Thursday, December 13, 2018

Buddhangala Aranya Senasanaya

Ancient ruins at Buddhangala Viharaya
Buddhangala Aranya Senasanaya (also known as Buddhangala Raja Maha Viharaya, Buddhangala Thapovanaya) is a forest hermitage located in the village of Buddhangala in Ampara District, Sri Lanka. The site can be reached by traveling along the Buddhangala - Ruhunugama road about 7.5 km distance from Ampara town.

As the presence of less decorated Sandakada Pahana (moonstone), Korawak Gal (balustrades), Muragal (guard stones) and stone pillars, the history of Buddhangala can be dated to the early Anuradhapura era (Anuradhapura period: 377 BC to 1017 AD). Several cave inscriptions found from the temple premises indicate the existence of an early Buddhist monastery at the site. From these inscriptions, two were copied and published by professor Senarat Paranavitana in his book "Inscription of Ceylon (Vol 1)" (Paranavitana, 1970).
Buddhangala cave inscription (Uttiya lena)

Period        : 2nd - 1st centuries B.C.
Scripts       : Early Brahmi
Language  : Old Sinhala
Transcript : Karajhikagala vahike bata 
Digathiha lene niyate shagasha
Translation : The cave of lord Digati, resident
of Karajhigala is donated to the Sangha
Reference : The information board at the site
by  the  Department  of  archaeology  and the
State ministry of cultural affairs.
Brahmi letters (Digamitta lena), Buddhangala
The second cave inscription also records about a donation (the cave) given to the Sangha (Buddhist monks) of four quarters (who were present and absent) by the chief Sujata, son of chief Uti, the revenue collector of Cittadevi (Paranavitana, 1970). Here the person named Citta devi is according to some authors could be the same one (or has a relation) who is mentioned in the cave inscription of Uttara Jayamaha Viharaya (Suseema Thera, 2015), in where that name is mentioned as Racita or probably Cita (Dias, 1991).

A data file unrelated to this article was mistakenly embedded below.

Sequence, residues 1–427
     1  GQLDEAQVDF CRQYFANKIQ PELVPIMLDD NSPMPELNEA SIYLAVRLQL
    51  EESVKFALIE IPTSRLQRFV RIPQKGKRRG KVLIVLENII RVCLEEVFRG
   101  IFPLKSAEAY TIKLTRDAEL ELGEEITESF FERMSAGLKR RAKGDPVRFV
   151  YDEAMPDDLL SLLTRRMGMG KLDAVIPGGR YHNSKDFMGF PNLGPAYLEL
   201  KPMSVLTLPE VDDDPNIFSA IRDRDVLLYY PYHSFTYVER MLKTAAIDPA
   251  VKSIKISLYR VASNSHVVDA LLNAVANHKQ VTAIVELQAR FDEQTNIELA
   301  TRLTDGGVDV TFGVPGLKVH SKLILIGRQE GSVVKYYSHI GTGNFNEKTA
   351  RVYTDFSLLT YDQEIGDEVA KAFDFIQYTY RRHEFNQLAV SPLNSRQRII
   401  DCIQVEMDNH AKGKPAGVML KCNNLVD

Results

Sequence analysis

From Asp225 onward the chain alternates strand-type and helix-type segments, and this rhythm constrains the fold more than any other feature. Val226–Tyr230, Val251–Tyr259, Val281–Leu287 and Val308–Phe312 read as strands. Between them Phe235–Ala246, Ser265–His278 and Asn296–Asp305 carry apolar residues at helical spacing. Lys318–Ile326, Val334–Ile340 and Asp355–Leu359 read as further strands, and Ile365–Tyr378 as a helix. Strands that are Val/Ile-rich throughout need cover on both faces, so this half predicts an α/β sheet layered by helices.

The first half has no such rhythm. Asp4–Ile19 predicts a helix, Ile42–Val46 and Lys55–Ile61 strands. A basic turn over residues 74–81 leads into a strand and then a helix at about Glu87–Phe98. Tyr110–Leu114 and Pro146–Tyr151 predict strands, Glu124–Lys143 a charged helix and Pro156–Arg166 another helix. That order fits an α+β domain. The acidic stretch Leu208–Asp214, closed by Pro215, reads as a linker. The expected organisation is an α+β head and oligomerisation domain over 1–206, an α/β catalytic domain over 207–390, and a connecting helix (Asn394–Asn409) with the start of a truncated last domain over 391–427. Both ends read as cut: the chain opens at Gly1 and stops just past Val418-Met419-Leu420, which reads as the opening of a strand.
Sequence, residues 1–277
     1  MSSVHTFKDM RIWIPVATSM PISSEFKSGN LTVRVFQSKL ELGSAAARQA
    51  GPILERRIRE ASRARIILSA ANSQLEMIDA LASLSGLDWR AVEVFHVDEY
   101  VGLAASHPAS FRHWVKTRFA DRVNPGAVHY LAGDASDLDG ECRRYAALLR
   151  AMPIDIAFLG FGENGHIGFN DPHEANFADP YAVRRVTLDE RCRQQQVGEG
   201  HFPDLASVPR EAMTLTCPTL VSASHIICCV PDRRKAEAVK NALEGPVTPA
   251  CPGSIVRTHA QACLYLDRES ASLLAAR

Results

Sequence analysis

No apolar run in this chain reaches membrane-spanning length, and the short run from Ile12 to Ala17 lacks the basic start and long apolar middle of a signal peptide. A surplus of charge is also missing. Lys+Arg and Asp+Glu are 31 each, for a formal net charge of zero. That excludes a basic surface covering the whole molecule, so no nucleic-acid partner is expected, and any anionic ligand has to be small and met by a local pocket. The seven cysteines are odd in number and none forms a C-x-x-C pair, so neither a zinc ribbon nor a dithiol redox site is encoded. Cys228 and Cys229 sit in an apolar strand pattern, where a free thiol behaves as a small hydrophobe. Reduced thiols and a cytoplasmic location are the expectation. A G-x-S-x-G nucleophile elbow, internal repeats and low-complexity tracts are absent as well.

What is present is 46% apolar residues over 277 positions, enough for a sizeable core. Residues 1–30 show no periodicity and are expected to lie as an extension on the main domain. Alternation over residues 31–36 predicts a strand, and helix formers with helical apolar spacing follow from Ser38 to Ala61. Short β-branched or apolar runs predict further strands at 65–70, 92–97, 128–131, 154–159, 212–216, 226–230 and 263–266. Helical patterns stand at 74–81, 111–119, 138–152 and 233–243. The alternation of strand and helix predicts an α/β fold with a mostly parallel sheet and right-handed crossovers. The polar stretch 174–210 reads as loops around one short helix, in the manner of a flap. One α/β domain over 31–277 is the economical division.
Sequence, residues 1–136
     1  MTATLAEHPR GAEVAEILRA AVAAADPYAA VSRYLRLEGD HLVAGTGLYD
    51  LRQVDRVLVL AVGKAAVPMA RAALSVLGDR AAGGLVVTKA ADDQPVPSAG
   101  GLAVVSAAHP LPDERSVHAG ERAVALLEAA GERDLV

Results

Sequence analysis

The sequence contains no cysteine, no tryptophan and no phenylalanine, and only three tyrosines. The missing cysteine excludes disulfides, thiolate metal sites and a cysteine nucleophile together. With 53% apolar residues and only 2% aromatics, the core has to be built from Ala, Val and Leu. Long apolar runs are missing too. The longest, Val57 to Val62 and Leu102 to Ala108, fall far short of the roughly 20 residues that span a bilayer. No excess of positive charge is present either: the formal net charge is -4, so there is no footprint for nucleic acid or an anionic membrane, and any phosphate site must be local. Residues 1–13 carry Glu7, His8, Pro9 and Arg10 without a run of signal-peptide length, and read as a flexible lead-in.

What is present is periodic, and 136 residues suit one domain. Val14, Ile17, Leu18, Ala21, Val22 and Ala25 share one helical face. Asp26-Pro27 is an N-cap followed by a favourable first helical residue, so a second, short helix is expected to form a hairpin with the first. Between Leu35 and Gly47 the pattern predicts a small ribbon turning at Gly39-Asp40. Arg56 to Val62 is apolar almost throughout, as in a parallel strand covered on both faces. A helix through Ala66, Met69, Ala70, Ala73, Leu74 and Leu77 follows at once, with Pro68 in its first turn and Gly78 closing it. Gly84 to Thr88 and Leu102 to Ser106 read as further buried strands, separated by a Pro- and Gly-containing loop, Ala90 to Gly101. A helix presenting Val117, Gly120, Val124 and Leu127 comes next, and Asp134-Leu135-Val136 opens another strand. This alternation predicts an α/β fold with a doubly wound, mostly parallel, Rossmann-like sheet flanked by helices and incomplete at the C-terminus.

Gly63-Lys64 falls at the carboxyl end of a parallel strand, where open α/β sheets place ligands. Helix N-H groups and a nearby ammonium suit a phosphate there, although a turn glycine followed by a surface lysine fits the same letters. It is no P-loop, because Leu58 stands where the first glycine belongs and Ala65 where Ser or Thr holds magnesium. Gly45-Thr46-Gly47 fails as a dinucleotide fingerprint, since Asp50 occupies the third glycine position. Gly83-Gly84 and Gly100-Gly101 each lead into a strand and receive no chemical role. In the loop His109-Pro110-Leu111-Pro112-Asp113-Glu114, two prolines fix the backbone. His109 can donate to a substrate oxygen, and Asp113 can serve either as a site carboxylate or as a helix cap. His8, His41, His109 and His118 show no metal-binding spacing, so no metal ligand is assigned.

The ruined Buddhangala temple was re-discovered in 1964, by a Buddhist monk named Kalutara Dhammananda Thera. 

Archaeological ruins
The temple complex is situated on a rock outcrop extending over a large area. Several rock caves with drip ledges are found at the western part of the rock. A retaining wall made of rubble and plain Muragal and Korawak Gal can be seen at the eastern slope (Withanachchi, 2013). The main rock plateau where an ancient Vatadageya was located is abundant with a number of archaeological ruins. Sandakada Pahana, Korawak Gal, guard stones, stone pillars, Nidan Gal (treasure stones) and a large collection of other artifacts such as fragments of clay bowls, bricks, potteries, turrets and bronzes have been unearthed from the informal excavations carried out during the early 1970s. A golden casket containing relics was discovered on 29 September 1972, from the excavations done in the ancient Vatadageya site (Suseema Thera, 2015).
Artifacts found from the Viharaya Ruins at Buddhangala monastery
This casket is said to be contained three lotus carrying small bowls of corporeal relics (Suseema Thera, 2015). The bowls were covered with caps and two of them had Bo leaves inscribed with Brahmi letters. These writings have been read as "Shariputhasa Mahamugalana" (Suseema Thera, 2015), the names of the two main Arhants of the Buddha, Seriyuth (Shariputta) and Mugalan (Moggallana). The third lotus was said to be fixed at a higher position than the other two and therefore it has been assumed that the third bowl contains the relics of Buddha (Suseema Thera, 2015). Today, these relics have been deposited in a special chamber of the Stupa and are exhibited for the public on Poson Full Moon Poya Day.

The forest surrounding the Buddhangala monastery is a protected area, declared by a government Gazette notification published on 01 November 1974.
Ruins of an ancient building Buddhangala Viharaya The Stupa of Buddhangala Viharaya
Temple ruins at Buddhangala Remains of ancient Vatadageya, Buddhangala Viharaya
1) Dias, M., 1991. Epigraphical notes (Nos 1 -18). Colombo: Department of Archaeology. p. 4.
2) Paranavitana, S., 1970. Inscription of Ceylon: Volume I: Early Brahmi Inscriptions. Department of Archaeology Ceylon. p.36.
3) Suseema Thera, D., 2015. Agasawda weda hindina pujaneeya Buddhangala wana senasuna (In Sinhala). Published by the editor. ISBN: 978-955-986-09-1-4. pp.41,43,54.
4) The Gazette of the Democratic Socialist Republic of Sri Lanka. No: 134. 01 November 1974. p. 907.
5) Withanachchi, C. R., 2013. Pauranika Sthana Saha Smaraka: Ampara Distrikkaya (In Sinhalese). Department of Archaeology (Sri Lanka). ISBN: 955-9159-44-5. pp.37-38.

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